Author: Paul Teetor Publisher: O'Reilly Pages: 236 ISBN: 9780596809157 Aimed at: Users of R  programmers and statisticians Rating: 5 Pros: Good explanations with simple recipes Cons: Title misleading, it's more than recipes Reviewed by: Mike James
For the right reader this is an excellent book. Read on to discover if it's for you
Author: Paul Teetor Publisher: O'Reilly Pages: 236 ISBN: 9780596809157 Aimed at: Users of R  programmers and statisticians Rating: 5 Pros: Good explanations with simple recipes Cons: Title misleading, it's more than recipes Reviewed by: Mike James
R is a statistical programming language and so you would expect a cookbook using it to be a lot of stats. However, R is also a general purpose language and so there are all the usual questions about how do you manage data, and convert this to that and so on and given that R is a listoriented functional language perhaps more so.
There are lots of places in this cookbook where the author feels the need to abandon the cookbook format  and overall the book is better for it. There really isn't any need to invent recipe titles just so you can cover some topic or other.
Chapter 1 explains what R is and provides recipes for downloading and installing R. At the end you should be able to enters simple commands and find help. Chapter 2 follows on with a range of simple tasks  printing, managing variables, sequences, vectors and so on. All very simple and more tutorial than recipe.
Chapter 3 deals with the untidy side of R  OS interaction, packages, configuration and so on. Chapter 4 is also down to earth with a look at how to read and save data in various formats. Again not really complicated recipes, more tutorial introductions or hints and tips on how to do things. Welcome and yes I certainly learned a few things that I'd been too lazy to find out by reading the documentation.
It is Chapter 5 where the book really won me over. This is about data structures which is a big topic and something that confuses beginners. Here the author drops the recipe format and starts a tutorial on the subject. Starting from Lists the author explains the idea of mode and class and this is where a lot of R programmers fail to cope with the way R does data. Then on to scalars matrices and arrays in general. There is an attitude of surprise that R does things in this way and yes if you are a statistician or a mathematician it might be a surprise. If you are a programmer however you are probably going to be more impressed than surprised it is a neat way of working. When we reach the allimportant data frames the author gives a list of why they are important to various types of user including an accurate but insulting jibe at executives:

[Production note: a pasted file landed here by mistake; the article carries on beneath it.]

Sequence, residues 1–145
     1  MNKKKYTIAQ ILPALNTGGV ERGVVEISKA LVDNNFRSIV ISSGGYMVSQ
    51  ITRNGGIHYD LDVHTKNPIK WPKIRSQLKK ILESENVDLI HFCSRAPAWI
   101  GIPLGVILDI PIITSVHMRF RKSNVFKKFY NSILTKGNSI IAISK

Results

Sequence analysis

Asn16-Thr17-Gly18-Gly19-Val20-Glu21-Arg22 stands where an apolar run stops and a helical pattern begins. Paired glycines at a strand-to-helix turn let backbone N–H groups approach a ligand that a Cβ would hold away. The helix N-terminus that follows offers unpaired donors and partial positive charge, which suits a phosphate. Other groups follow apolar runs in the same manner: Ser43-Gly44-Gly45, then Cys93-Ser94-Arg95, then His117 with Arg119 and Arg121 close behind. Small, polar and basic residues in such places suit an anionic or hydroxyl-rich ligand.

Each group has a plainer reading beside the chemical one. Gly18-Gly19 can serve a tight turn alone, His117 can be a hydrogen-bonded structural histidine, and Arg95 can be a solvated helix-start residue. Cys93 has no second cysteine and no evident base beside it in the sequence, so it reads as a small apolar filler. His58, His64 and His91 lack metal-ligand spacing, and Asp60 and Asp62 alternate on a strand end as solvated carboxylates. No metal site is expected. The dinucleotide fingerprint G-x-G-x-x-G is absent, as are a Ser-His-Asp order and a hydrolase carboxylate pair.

To an executive
You can put names and numbers into a data frame. ... your staff will enjoy using data frames.
From this point we return to the recipe format and work through standard tasks such as appending data, working with factors, converting data types, merging tables and so on. Chapter 7 continues the theme of data types and deals with strings and dates  all fairly basic recipes but useful if you are new to R.
Chapter 8 is a slight change of direction and we start to look at the functions that let you work with probability distributions, combinations and generating random values from a distribution. Again the recipes aren't complicated but you might find them useful if your stats and probability theory is rusty. Chapter 9 moves on to general statics and starts off with a look at hypothesis testing. We run though the usual basics of zscores, ttests, two sample test and so on.
Chapter 10 tackles the big subject of graphics. Starting from a recipe for creating a scatter plot it adds additional elements until we have multiple plots, regression lines and labels. It then repeats the exercise for the bar chart, shows how to use box plots, histograms. Again all very basic recipes of the sort you would consult if you've forgotten how to do something or needed to do it for the first time.
Chapter 11 moves back to hardcore statistics with a look at regression and Anova.. The recipes start from simple bivariate regression and work though multiple regression in all its forms. Then on to oneway Anova and then diagnostic tests. The level of stats in this section is quite high but it does a good job of explaining what it all means.
Chapter 12 returns to general programming with a collection of useful tricks. Chapter 13 deals with more advanced topics such as optimization, principle components, clustering and resampling techniques. Depending on your background you might find some of these techniques more core than advanced. Chapter 14 focuses on time series including computing moving averages, autocorrelations and fitting an ARIMA model.
This is a good introduction to R and its basic use. The programming might be a bit too simple for the advanced programmer and the statistics sections a bit too simple for the advanced statistician  but this probably means that there is a big audience who will find some aspect of the book really useful. None of the recipes are advanced or obscure and you could find out how to achieve the same result by reading the documentation  but the book presents things in a much more digestible form. It is worth getting just to have R's approach to data types sorted clearly.
Put simply this book isn't essential for the R programmer or the statistician using R but it really will make your life easier when ever you need to do something new. So get a copy.
Hidden Markov Models for Time Series
Author: Walter Zucchini & Iain L. MacDonald Publisher: CRC Press, 2009 Pages: 288 ISBN: 9781584885733 Aimed at: Statisticians interested in time series Rating: 4 Pros: Practical approach Cons: Assumes prior knowledge, R tucked away in appendix Reviewed by: Mike James
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